In A First, Commerce Department Fines Intel Subsidiary For Exporting Encryption
from the the-war-on-encryption dept
For those who lived through the late 90’s cryptowars, it’s beginning to feel like history is repeating itself. We’ve seen the series of recent stories about the US government’s misguided, FUD-based freakout over some recent moves to enhance privacy through more widely usable encryption, but now we’re reaching the stage of the game where the government also starts attacking the “export” of cryptography. If you don’t remember, a key part of the original cryptowars was over whether or not strong cryptography could be classified as a weapon, and subject to significant export controls. Thankfully, that idea was mostly scrapped, and encryption flourished, helping to make the internet and other technologies much safer.
However, it appears the government is back to going after the export of encryption, as the Department of Commerce recently fined Intel subsidiary Wind River Systems $750,000 for exporting products that included encryption to China, Hong Kong, Russia, Israel, South Africa, and South Korea. While most had recognized that sending encryption (or, well, just about anything) to places like Iran, Cuba and North Korea might be problematic, most people had assumed that other countries, like those on the list above were no big deal.
As the linked article (from law firm Goodwin Procter) points out:
We believe this to be the first penalty BIS has ever issued for the unlicensed export of encryption software that did not also involve comprehensively sanctioned countries (e.g., Cuba, Iran, North Korea, Sudan or Syria). This suggests a fundamental change in BIS?s treatment of violations of the encryption regulations.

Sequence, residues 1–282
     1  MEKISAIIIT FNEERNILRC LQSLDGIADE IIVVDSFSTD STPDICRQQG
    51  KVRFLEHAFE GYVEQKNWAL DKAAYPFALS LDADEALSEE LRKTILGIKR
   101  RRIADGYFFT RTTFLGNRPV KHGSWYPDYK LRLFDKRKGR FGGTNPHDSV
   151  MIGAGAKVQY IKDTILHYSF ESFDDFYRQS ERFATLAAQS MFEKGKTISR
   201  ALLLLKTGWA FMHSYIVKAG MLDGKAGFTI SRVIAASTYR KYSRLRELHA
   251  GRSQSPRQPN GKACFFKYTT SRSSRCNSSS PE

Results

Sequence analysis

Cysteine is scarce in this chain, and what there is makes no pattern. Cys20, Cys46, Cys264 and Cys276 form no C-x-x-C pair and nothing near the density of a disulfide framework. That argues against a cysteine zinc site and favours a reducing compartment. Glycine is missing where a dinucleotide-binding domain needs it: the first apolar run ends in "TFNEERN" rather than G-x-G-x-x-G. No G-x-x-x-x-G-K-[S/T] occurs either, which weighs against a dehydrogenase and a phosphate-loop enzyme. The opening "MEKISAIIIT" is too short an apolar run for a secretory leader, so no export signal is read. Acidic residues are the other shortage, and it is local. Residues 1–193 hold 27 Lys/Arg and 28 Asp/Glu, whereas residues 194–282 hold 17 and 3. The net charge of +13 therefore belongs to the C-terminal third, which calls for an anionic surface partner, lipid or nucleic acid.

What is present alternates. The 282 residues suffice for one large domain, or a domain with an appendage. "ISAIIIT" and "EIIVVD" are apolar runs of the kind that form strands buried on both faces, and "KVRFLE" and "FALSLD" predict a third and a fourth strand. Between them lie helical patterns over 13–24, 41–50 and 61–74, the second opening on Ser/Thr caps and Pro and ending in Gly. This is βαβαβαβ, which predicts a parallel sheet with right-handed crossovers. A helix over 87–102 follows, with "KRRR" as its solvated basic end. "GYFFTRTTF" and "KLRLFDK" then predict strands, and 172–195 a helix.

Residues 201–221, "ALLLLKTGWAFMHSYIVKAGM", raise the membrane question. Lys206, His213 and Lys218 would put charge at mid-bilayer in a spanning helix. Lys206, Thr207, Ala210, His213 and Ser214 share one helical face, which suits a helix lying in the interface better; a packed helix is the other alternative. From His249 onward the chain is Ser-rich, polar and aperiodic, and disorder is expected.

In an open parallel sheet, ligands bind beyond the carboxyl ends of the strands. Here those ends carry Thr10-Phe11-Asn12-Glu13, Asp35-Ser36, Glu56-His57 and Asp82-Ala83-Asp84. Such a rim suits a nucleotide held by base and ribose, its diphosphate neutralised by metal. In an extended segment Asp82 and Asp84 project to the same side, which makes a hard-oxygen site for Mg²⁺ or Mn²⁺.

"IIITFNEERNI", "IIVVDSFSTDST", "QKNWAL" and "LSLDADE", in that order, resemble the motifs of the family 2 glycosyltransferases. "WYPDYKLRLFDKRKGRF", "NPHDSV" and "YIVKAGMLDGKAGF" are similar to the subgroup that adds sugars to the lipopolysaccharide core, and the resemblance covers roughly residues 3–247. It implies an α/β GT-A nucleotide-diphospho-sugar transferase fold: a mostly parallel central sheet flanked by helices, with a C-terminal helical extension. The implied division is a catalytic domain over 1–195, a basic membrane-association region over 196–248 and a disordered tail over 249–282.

Historically, BIS has resolved voluntarily disclosed violations of the encryption regulations with a warning letter but no material consequence, and has shown itself unlikely to pursue such violations that were not disclosed. This fine dramatically increases the compliance stakes for software companies ? a message that BIS seemed intent upon making in its announcement.
Furthermore, the report understates the simple fact that “encryption is ubiquitous in software products” these days. And that’s something that’s only growing (a trend that should continue as encryption is increasingly important). But if the Commerce Department has suddenly decided to pick a fight over this issue, it could create a real competitive disadvantage for American tech companies trying to offer products around the globe. So, not only has the US government undermined the US tech industry through surveillance and backdoors, now it’s looking to make it more difficult to build in encryption that better protects against such intrusions. It’s almost as if the government wants to cede technology leadership to other countries.